This page tells you what Ontario’s Not-for-Profit Corporations Act (ONCA) says about members, including how a person becomes a member, different classes of membership, and how membership ends.
If you incorporated before ONCA was proclaimed on October 19, 2021, your bylaws or articles may not comply with the rules explained below. You have until October 18, 2024 to review, update, and file your governing documents with the Ontario government. Until then, the rules in your articles and bylaws continue to be valid, as long as they comply with the rules in the Corporations Act.
Nonprofits may use the word member to refer to many types of people in their brochures or communications. For example, they may use it when referring to regular donors, players on a sports team, or musicians in an orchestra. Calling a person a member doesn’t make them a member. Doing this may confuse them and they may think that they have rights which they don’t have.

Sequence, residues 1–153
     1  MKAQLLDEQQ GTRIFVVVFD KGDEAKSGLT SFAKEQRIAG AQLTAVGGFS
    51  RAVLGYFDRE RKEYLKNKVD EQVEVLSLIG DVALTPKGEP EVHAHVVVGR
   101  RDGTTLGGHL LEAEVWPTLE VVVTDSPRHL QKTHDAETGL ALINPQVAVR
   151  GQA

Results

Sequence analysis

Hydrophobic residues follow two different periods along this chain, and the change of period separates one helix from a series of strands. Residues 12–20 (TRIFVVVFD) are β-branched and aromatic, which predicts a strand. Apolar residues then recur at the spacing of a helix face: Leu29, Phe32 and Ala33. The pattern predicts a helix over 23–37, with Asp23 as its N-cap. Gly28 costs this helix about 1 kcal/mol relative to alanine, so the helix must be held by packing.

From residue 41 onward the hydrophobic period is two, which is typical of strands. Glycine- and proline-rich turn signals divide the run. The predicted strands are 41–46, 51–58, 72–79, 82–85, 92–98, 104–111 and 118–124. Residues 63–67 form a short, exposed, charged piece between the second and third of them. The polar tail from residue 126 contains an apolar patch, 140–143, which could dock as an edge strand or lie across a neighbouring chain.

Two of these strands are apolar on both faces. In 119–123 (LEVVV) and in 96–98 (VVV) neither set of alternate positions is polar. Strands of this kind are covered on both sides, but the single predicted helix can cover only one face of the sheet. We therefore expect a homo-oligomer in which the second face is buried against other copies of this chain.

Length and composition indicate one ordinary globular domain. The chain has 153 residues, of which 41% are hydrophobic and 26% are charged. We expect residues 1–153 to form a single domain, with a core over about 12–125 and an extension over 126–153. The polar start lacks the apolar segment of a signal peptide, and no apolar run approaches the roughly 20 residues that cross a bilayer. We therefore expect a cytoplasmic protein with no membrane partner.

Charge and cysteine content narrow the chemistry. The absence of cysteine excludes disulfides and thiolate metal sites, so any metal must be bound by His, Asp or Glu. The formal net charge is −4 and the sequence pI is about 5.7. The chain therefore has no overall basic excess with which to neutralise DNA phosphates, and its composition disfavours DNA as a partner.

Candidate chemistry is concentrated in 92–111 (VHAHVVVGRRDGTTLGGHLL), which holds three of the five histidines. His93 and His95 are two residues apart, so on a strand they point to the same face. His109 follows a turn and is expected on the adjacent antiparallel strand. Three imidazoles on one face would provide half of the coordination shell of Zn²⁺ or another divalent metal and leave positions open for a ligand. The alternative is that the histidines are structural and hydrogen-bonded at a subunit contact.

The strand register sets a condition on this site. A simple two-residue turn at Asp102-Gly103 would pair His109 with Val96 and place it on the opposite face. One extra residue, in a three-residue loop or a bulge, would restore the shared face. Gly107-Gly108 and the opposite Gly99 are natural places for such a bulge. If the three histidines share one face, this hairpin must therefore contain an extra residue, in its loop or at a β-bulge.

ONCA says a person is a member of a nonprofit only if they meet the criteria of the nonprofit’s governing documents.
ONCA has changed the rules about members. ONCA says that if you have 2 or more classes or groups of members, then your articles must:
- name each member class, and
- say what voting rights each class has.
But ONCA says your bylaws must include details like:
- what makes a person a member, for example, they must fill out an application form
- how much a membership costs or who decides the cost of a membership
- how a membership can be transferred and to whom
- membership terms, for example, one year or a life-time
If your nonprofit has just one class of members, ONCA implies that you don’t have to name that class of members and say what its voting rights are in your articles. However, if you want each member to have more than one vote, this needs to be set out in the articles.